Passed to me the other day was this choice quote found in an article on a MMO currently in development:
Ragnar Tørnquist, the lead developer lamented:
“I also think that the Western world has lost the sense of religious mystery too. People knew there was something bigger, but they didn’t question it. Now we question everything, and everything has been reduced to facts or data.”
Cue needle scratching on record.
This quote exemplifies muddled thinking. Moreover, that this phrase was uttered, as if in resignation that people bothered to question how stuff works, boggles the damn mind.
Show me a time in human history when, even under the threat of death, that people haven’t questioned things.
As for the whining that everything has been reduced to facts or data: Ragnar, perhaps you missed the part where the computers and Internet upon which you make your money is the direct result of questioning, of facts, and data. Has that reduced the awe behind computing? Has that, in turn, failed to produce even more wonders and mysteries to be explored?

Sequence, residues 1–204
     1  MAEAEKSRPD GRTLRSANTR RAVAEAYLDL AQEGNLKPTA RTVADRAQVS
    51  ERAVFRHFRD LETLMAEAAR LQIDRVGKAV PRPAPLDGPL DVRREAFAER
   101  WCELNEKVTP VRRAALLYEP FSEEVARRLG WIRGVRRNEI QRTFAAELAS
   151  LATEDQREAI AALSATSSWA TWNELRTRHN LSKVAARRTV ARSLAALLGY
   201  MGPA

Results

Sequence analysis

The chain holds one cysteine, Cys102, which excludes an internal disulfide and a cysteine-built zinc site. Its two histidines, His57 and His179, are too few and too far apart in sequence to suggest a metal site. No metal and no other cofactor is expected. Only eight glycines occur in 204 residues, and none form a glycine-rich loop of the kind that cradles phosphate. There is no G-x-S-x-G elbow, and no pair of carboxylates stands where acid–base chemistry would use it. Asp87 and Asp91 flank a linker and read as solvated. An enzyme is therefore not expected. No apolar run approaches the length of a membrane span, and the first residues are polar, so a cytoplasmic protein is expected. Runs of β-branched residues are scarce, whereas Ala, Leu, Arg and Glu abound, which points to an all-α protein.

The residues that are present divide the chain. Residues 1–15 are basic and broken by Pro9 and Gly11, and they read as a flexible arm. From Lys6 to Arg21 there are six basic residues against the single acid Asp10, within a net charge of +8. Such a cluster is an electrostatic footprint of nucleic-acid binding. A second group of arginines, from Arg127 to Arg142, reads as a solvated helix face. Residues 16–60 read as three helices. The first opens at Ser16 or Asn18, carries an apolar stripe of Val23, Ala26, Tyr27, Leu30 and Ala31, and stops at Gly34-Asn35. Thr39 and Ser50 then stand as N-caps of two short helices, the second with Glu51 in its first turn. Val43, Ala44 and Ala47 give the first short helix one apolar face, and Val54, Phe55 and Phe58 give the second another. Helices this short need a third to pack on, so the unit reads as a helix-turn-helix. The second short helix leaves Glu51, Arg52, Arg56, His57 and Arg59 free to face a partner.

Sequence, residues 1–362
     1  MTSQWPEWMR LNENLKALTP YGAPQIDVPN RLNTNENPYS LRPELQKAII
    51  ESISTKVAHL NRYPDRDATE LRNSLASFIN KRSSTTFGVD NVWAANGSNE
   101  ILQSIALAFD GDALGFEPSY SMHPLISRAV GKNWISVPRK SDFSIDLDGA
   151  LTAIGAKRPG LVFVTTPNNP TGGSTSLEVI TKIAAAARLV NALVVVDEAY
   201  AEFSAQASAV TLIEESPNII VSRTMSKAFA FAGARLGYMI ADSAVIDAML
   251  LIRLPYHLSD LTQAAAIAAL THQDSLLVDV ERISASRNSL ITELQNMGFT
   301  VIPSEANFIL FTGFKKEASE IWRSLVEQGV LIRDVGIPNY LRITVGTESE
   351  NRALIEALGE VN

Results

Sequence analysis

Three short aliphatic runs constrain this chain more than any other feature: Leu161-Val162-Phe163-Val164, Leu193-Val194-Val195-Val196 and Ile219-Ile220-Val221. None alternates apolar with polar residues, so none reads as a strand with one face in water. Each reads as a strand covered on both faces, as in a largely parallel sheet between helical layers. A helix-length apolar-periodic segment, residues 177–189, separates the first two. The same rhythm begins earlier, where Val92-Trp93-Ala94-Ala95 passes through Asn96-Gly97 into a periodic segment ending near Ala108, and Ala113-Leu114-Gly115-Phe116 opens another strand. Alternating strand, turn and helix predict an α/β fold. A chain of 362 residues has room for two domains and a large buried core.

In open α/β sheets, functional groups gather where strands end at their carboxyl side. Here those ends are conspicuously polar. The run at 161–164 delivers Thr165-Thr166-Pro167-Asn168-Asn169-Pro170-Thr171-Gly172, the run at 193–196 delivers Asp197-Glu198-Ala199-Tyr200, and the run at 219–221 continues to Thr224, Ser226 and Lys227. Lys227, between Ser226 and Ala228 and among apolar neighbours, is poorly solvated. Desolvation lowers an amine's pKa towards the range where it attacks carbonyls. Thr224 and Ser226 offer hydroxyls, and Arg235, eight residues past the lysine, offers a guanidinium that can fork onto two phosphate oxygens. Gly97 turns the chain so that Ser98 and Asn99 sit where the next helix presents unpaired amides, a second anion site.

Questioning everything and reducing it to facts and data is what allows us to build bigger and better things like the Hubble telescope which captures those amazing deep field shots. Look at that image and tell me there isn’t more mystery to be found there than in any millennia-old story that could scribbled down and passed off as religion. In all those stars and galaxies we’re looking at billions of possibilities.
A plague of locusts pales before the devastating power of a supernova. The ability to measure galaxies and send probes into the heliosphere takes us places never before imagined by people who considered themselves separated from the cosmos by a luminiferous ether.
In short, purposely not questioning something in order to retain some sort of mystery is downright the most asinine thing I’ve heard this week.